Thursday, 6 October 2011

The Slynx - Tatyana Tolstaya (tr Jamey Gambrell)

It is rare to find a book in which all the elements come together so perfectly. The simple design of the actual book. A cover that exactly matches the content and overall feel of the novel. A translation that captures the spirit of the original as well as being accurate. And at its core, a novel that actually lives up the praise from the TLS quoted on the rear cover: ‘A postmodern literary masterpiece.’

I’m not au fait enough with literary terminology to know whether the book is modernist, postmodernist, pre-postmodernist, or just old fashioned ‘written recently in a style best suited to the particular story to be told’. What I do know is that it has the power of myth, the charm of a fairy tale, the complexity and clarity of the best literature.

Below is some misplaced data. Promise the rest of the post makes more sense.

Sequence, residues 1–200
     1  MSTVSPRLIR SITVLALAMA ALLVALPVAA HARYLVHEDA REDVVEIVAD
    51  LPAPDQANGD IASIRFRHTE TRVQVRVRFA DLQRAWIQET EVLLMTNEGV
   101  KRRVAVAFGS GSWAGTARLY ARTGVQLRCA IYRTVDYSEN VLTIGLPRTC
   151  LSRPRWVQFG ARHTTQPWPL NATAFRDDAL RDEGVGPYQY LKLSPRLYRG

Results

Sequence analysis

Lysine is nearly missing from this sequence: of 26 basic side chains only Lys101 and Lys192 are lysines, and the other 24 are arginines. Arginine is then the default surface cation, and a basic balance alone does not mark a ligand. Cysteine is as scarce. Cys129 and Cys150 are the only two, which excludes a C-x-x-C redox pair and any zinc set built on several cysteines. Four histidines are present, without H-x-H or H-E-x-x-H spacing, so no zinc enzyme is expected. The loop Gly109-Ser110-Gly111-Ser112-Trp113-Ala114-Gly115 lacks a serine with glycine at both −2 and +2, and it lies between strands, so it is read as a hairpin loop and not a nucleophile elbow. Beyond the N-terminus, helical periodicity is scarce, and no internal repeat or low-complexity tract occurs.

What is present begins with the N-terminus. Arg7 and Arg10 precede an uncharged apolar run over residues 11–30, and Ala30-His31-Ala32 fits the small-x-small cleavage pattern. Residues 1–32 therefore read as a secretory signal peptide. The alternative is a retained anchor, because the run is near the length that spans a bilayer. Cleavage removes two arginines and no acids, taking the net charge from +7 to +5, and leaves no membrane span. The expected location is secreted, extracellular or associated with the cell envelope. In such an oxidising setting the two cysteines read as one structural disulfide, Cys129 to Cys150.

Set two hundred years after a catastrophe known as The Blast, this tells the tale of Benedikt who lives in an unnamed enclave. Free of mutations, he works as a clerk copying books and lives a simple life. His world, however, is far from simple. It is partly a land of fairytale, complete with monsters; partly a dystopian landscape where memories of life before The Blast are confusing echoes in a neo-medieval world.

Full of playful ambiguity, humour and beautifully drawn characters, this work dances. It is true that owes much to a Russian cultural landscape, but you do need to know anything about that to appreciate what is a sublime portrait of human existence. There are haunting scenes, simple and touching without ever being sentimental. It is a wonderful literary experience, not least because the language is beautiful. You don’t often find a work that explores such fundamental issues that is also an easy read. This is in part due to the superb translation, but mostly due to the style – a deceptively homely approach that is rich and inventive.

If you worry that the novel has become dull, is dying, dead, or otherwise irrelevant, try this.